No.7 Squadron

On a hurt, seven mullets of six points
Badge
On a hurt, seven mullets of six points
Motto
Per diem, per noctem - By day and by night
Formed
01 May 1914
Disbanded
Current

Formed at Farnborough on 1 May 1914, No 7 Squadron was involved in experimental flying and lost many of its personnel to reinforce other units. Its formation resumed on 28 September 1914, and it deployed to France in 1915 where it undertook bombing, observation and reconnaissance missions. In August 1915 the Squadron's only Victoria Cross was awarded, posthumously, to Captain J A Liddell for recovering his badly damaged RE5 to base despite being mortally wounded. After the war, the Squadron returned to UK where it was disbanded on 31 December 1919.

On 1 June 1923 the Squadron re-formed at RAF Bircham Newton as a heavy bomber unit. It is probable that the installation of electrical bomb releases on three of the unit’s Virginia aircraft in November 1930 were the first issued to an operational unit. On 1 June 1939 the squadron was given a training role until 4 April 1940 when Nos 7 and 76 Squadrons merged to form No 16 Operational Training Unit. A new No 7 Squadron briefly formed but disbanded on 20 May 1940.

On 1 August 1940 the unit re-formed at RAF Leeming being the first to equip with the Short Stirling heavy bomber. In October 1942 the unit was transferred to the Pathfinder Force. For the rest of the war No 7 Squadron was involved in leading night attacks against German targets. At the end of the war the Squadron took part in mercy missions to drop food and supplies to Dutch civilians, and to repatriate POWs.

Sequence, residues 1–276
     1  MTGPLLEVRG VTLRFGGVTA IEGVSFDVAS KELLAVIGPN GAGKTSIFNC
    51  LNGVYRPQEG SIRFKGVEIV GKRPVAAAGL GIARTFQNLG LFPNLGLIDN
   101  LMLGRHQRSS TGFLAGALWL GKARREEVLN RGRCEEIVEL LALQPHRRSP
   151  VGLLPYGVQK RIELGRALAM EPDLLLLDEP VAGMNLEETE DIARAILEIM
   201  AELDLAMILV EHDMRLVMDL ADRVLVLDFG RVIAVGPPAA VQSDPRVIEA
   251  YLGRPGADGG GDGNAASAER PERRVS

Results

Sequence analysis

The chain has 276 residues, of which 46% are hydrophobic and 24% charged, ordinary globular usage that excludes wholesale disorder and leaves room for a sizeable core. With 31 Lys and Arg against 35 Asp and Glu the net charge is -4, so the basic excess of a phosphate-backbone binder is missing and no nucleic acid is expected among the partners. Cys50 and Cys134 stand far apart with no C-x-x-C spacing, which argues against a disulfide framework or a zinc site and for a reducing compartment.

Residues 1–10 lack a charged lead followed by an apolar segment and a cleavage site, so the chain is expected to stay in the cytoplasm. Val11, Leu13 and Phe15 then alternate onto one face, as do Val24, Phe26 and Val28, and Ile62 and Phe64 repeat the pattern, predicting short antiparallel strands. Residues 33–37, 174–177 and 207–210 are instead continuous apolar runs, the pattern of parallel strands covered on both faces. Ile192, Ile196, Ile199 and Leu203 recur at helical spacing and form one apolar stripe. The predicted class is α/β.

Remaining a bomber squadron after the war in 1954, unit detachments were sent to Malaya to help in attacks against terrorist camps. No 7 Squadron again disbanded on 1 January 1956.

The Squadron re-formed on 1 November 1956 at RAF Honington as a part of the V-bomber force. It was disbanded on 1 September 1962. On 1 May 1970 it reformed at RAF St Mawgan as a target facilities unit. It disbanded twelve years later on 5 January 1982. On 1 September 1982 the Squadron re-formed at RAF Odiham as a heavy transport helicopter unit.

In 1990 the Squadron was dispatched to the Gulf where its crews played a vital role in supporting the Army during Operations Desert Shield and Desert Storm. Whilst returning to the UK in 1991, the Squadron became involved in humanitarian relief operations for Kurdish refugees in Northern Iraq.
During the 1990s the unit has been involved in operations in Croatia, the former Yugoslavia, Albania, Kosovo, Falklands and Northern Ireland as well as taking part in major exercises in support of the Army all over the world.

During 2003 men and machines from this unit participated in OPERATION TELIC. Coalition forces, led by the United States overthrew the Iraqi regime led by Saddam Hussein in a short campaign.


AIRCRAFT

Various types 1914 - 1916
BE2c/d/e 1915 - 1917
RE8 1917 - 1919
Vimy 1923 - 1927
Virginia I/VII/X 1927 - 1935
Heyford II/III 1935 - 1938
Wellesley I 1937
Whitley II/III 1938 - 1939
Anson I 1939 - 1940
Hampden 1939 - 1940
Stirling I/III 1940 - 1943
Lancaster I/III 1943 - 1950
Lincoln 1949 - 1955
Valiant 1956 - 1962
Canberra 18/2/19 1970 - 1981
Chinook 1/2 1982 – current (30 June 2006)


Reference Sources

The Squadrons of the Royal Air Force
James J Halley Air Britain (Historians) Ltd 1988

RAF Squadrons
Wg Cdr C G Jefford Airlife 2001

Bomber Squadrons of the RAF and their aircraft
Phillip J R Moyes Macdonald & Jane’s 1976

Coastal Support and Special Squadrons of the RAF and their aircraft
John D R Rawlings Jane’s Publishing 1982


« back to all squadrons